We live in a world that is dominated by social media. If you walk through the town centre, you’re likely to see people glued to their phones.
They’ll be on Facebook or Twitter, WhatsApp or Snapchat. There are many advantages to social media. One of these being that we are able to stay in touch with family and friends like never before, for free.
There are also many disadvantages.
Social media is in fact making us a lot less social.
Yes, we may talk more than ever over the phone or message but so many times I’ve seen groups of young people sat in a restaurant or on the bus, tapping away on their phones instead of talking to one another.
I’m guilty for it too. I rarely have my phone out of my hand.
Another disadvantage I find is that people are able to paint a picture of their perfect lives with their perfect homes, perfect jobs, perfect children, perfect partners, perfect everything.
We are able to keep track of people’s lives with just a few quick clicks. A scroll through Facebook one evening can quickly lead us to fall into a compare and despair trap.
That’s because the majority of us on social media only share the best parts; the smiles, the fun, the carefree moments, the glamour shots.
The world doesn’t see the sadness, the meltdowns, the arguments, the days when it feels like everything is going wrong.
But then we see their good days, we compare them with our bad days and it can leave us feeling sad, depressed even. Social media has the potential to make us depressed.
When somebody has a baby, most of the time they flood Facebook with pictures of their newborn.
Their partner might write a status to officially welcome their newborn to the world, after all are they even officially here if they haven’t had a Facebook introduction?
The partner may say how the mother did amazing, how they were in awe of her strength and determination to bring this precious bundle of perfection safely into the world.
There may be a picture of this innocent little human, dressed in a cute little outfit whose life is just about to begin.
The status will be inundated with comments of congratulations and compliments of how beautiful the baby is. Then a day or two later the family go home together to begin the next chapter of their life.
But what happens when things don’t go according to plan?
What happens when the baby isn’t born healthily? What if there are serious complications? Or what if the baby is born sleeping?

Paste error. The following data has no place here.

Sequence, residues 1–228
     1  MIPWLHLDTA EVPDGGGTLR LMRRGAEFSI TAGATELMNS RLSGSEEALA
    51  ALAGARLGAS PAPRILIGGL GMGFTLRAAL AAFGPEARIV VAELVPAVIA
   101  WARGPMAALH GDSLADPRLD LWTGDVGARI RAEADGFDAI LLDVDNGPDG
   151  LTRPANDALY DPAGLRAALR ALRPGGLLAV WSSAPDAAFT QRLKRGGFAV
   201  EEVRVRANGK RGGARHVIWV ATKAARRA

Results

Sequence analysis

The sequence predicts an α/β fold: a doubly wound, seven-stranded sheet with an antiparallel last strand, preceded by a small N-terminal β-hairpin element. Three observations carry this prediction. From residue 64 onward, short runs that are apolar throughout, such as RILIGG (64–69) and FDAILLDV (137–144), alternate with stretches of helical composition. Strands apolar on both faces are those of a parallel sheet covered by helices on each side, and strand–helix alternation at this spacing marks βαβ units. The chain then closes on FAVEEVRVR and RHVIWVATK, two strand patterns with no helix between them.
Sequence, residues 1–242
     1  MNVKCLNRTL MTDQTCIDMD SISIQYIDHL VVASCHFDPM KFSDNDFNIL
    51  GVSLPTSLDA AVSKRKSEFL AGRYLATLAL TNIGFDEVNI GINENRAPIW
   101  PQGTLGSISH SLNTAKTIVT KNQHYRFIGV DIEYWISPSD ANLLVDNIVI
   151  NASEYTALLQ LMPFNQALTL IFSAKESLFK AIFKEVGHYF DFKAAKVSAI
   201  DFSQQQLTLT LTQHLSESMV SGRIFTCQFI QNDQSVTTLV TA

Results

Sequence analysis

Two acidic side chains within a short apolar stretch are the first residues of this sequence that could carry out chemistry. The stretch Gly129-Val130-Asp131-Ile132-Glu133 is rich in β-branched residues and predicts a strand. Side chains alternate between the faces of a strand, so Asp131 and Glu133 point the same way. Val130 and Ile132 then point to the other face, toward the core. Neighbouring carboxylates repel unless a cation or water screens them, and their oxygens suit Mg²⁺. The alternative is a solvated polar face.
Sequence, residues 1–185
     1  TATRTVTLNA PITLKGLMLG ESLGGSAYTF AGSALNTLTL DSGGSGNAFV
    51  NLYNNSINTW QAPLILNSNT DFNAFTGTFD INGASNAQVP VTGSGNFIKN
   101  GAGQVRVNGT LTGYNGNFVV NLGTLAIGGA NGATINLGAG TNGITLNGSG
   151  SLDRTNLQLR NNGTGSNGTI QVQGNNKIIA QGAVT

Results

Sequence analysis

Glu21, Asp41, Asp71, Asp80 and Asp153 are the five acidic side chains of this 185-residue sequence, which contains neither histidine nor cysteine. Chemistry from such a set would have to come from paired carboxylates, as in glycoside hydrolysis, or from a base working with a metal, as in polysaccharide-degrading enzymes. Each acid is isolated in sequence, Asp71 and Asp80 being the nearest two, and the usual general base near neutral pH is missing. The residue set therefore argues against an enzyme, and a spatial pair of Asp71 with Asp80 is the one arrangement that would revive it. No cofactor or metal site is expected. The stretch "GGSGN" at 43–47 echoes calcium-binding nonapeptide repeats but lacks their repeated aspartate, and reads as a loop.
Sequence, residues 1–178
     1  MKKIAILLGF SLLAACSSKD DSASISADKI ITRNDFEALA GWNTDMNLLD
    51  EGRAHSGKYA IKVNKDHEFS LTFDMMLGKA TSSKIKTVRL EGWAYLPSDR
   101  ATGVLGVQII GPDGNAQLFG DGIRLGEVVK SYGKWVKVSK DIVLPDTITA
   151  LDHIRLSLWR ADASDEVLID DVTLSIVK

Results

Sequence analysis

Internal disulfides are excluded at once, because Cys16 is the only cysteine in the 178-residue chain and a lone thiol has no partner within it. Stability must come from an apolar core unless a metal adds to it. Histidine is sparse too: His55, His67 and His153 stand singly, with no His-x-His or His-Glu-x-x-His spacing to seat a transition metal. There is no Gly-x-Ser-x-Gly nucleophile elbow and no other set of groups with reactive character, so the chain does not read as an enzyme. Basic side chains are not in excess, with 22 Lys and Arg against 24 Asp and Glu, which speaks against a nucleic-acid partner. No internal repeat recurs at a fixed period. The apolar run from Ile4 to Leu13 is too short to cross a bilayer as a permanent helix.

One and two were what happened to us. If I’d gone to hospital just an hour later, it would’ve been number three.
I, like many others had already done the big Facebook announcement with the scan pictures months earlier.
All of the 500+ people on my friends list were aware of my impending arrival.
I was receiving messages on a daily basis. “Is he here yet?” “Any sign?” “Come on baby we’re all so excited to meet you!” I was a week overdue so it was obvious his arrival was imminent.
I was updating almost every single day letting everybody know how tired I was and telling Jaxon it was time to come out, as if he was able to log on from the womb and take that as his cue to leave.
I never envisioned my first Facebook update after the birth of Jaxon would include the words “broken”, “nightmare”, “starved of oxygen”, “brain damage”, “seizures” and “bleak”.
I never imagined that the comments we would receive would include the words “heartbreaking”, “sorry”, “crying”, “gutted” and “awful”.
But that was pretty much how it went.
I wasn’t ticking all the typical social media boxes, instead I was broken hearted wishing I could be like everybody else.
Since becoming unwell with my mental health and subsequently being diagnosed with a personality disorder a number of years ago, I decided to be more open in the hope that my story could inspire others to change their lives for the better like I did.
When I set up a page to post updates about Jaxon on Facebook I decided it would be no different.
I was stepping outside of the social media box. I would show anybody who was interested what life is really like caring for a child with complex needs on a daily basis.
The ups and the downs. I find strength in numbers.
If I’m feeling less alone, my feelings are validated and I know it’s okay.
It makes things more bearable and I find it easier to carry on despite how much this journey might smash through my resilience and spirit. If I can help others to feel comforted by sharing the ups and more importantly, the downs, of our experiences then it’s so worthwhile.
So next time you’re scrolling through Facebook, feeling melancholy because it seems everybody has a fantastic life, a million times better than yours; remember that chances are they don’t.
Just like you they have bad days too. You just don’t always recognise it because you only see what they choose to show.
Take what you read on Facebook or Twitter with a pinch of salt. After all, social media only paints a tiny picture of real life.